Gosebruch’s untitled contribution to the show is a medium-sized work on paper, what looks like it could be some form of still life, an abstracted depiction of two flowers. It’s almost like a shadow, the forms in a hazy sort of sepia-tinted brown. A few quick twirls of pencil line underscore the floral swirls at the head of the stalks, and it looks like it could almost be the sketch towards a painting, a preparation for a more detailed canvas work. But the paper is stained with oil, giving it a slight transparency and also smudging the pigment, making the paper more present and giving the work its own spread and feel that couldn’t be achieved on another format. A quick gesture, then, becomes laden and slowed to the point of being still on paper. In the Jerwood show, this piece stands out as a particular approach, adding a painterly weight to the use of drawing as a momentary and felt hand movement.
Gosebruch’s practice goes between these light, expressive drawings with pencil, ink and oil, to sculptures made with extruded lines of clay, what he considers drawings in 3D.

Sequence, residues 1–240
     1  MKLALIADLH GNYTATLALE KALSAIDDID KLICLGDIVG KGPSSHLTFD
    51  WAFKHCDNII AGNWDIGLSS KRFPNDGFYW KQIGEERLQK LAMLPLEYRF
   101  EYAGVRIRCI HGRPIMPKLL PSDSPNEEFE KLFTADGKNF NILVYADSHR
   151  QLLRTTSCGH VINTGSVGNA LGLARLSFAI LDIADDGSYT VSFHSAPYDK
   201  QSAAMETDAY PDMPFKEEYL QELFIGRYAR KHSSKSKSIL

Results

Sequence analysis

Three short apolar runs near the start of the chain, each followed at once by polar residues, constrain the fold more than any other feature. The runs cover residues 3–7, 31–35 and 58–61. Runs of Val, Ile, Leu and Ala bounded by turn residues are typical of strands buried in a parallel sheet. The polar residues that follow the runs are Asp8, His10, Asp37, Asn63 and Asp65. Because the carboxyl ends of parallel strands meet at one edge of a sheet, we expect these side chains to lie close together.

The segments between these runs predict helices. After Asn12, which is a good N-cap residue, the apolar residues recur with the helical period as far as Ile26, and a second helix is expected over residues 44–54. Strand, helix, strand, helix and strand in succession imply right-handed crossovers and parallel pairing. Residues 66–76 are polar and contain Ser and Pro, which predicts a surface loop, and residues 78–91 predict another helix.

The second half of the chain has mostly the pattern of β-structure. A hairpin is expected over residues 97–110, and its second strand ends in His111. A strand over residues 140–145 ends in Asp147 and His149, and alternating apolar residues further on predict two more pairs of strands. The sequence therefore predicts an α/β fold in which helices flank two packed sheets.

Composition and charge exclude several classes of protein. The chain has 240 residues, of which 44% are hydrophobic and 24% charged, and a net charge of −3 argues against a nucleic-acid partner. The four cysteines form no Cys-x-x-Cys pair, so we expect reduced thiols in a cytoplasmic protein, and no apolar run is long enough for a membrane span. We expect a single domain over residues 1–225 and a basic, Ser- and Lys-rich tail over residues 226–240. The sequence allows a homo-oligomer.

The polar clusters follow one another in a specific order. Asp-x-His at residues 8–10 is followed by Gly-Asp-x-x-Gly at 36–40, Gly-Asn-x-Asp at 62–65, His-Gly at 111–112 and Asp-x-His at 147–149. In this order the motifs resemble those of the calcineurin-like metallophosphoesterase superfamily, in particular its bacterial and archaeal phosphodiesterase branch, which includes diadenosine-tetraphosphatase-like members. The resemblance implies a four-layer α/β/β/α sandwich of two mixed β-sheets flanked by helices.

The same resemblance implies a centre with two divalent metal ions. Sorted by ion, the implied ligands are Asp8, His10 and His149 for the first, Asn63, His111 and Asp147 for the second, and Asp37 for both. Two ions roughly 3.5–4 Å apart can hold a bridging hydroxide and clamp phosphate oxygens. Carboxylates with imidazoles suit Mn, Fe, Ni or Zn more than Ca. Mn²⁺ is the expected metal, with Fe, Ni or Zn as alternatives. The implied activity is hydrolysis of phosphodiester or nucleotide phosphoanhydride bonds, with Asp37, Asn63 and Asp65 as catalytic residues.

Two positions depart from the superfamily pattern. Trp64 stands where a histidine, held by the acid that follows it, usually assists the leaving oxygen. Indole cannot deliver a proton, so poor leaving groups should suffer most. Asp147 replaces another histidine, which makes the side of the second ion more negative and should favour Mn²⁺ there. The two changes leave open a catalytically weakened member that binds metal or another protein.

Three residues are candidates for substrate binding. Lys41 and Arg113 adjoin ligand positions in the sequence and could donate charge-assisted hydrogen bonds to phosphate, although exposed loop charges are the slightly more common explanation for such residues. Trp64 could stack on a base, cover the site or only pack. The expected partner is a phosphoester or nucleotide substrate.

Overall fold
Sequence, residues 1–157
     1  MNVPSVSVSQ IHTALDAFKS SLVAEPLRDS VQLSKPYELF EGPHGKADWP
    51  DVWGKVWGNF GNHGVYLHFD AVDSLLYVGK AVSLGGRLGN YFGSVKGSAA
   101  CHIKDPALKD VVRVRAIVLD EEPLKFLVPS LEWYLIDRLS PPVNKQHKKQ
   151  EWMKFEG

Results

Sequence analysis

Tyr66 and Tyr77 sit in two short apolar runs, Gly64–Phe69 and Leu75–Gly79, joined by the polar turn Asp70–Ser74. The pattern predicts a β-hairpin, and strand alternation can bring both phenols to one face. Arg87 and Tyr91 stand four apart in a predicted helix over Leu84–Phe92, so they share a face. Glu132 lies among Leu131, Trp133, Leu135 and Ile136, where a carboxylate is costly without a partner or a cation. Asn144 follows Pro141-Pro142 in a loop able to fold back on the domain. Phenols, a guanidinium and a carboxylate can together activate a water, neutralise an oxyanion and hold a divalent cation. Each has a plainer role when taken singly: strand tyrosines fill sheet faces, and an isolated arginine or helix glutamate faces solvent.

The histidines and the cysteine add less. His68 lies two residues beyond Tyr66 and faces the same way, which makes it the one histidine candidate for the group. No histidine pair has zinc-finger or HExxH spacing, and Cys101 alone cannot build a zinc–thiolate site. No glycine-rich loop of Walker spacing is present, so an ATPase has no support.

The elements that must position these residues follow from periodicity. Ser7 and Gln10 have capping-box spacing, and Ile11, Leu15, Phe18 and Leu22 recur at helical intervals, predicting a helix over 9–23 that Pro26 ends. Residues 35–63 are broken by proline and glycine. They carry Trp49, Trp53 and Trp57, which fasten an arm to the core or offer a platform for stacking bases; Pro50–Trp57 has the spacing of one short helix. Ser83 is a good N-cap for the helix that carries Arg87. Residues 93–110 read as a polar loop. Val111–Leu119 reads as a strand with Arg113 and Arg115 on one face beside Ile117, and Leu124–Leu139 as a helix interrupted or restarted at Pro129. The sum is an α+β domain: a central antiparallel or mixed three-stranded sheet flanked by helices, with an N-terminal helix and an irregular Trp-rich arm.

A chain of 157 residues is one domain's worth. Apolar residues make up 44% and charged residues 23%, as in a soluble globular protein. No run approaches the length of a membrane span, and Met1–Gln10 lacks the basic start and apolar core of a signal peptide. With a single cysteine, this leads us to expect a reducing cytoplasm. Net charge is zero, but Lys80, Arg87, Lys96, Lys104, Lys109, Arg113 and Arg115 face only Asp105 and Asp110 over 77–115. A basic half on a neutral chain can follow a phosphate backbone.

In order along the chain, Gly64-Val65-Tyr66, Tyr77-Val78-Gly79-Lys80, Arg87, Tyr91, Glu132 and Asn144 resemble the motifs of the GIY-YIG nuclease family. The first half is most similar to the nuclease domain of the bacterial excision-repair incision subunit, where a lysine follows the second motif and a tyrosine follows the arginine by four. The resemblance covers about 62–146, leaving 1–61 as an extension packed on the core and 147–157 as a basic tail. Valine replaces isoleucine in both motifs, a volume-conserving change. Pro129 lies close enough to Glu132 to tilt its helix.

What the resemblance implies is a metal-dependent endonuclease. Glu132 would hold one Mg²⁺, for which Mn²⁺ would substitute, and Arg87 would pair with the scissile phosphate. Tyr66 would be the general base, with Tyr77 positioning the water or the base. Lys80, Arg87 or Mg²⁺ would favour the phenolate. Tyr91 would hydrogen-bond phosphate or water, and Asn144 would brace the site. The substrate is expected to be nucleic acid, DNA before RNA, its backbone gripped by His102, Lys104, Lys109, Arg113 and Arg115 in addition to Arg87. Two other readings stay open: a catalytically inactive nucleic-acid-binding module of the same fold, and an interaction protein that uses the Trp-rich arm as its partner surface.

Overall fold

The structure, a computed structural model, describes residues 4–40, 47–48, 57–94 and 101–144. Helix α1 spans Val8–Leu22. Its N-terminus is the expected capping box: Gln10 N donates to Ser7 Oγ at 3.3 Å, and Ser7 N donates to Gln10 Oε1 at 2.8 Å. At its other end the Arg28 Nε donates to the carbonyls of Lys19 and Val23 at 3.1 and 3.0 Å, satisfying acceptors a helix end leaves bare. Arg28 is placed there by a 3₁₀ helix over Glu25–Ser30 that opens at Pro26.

In the drawings, the calmness belies the tension of the layered moments between the media, separate but almost simultaneous gestures that dance around each other. The hard pencil lines have their own hard edges that cut and contrast with the coloured stains. Gosebruch trained as a painter, and previous drawings used stencils to guide pastels on the paper. His sculptures echo those stencils, pushed now into the real world as rough ceramic jigsaws, at points looking like a deconstructed cello or morphed animal shape.
Like his drawings, there is a haunted sense to the forms, hovering somewhere between figuration and abstraction, between “control, the desperate lack of it, or degrees of freedom from it.”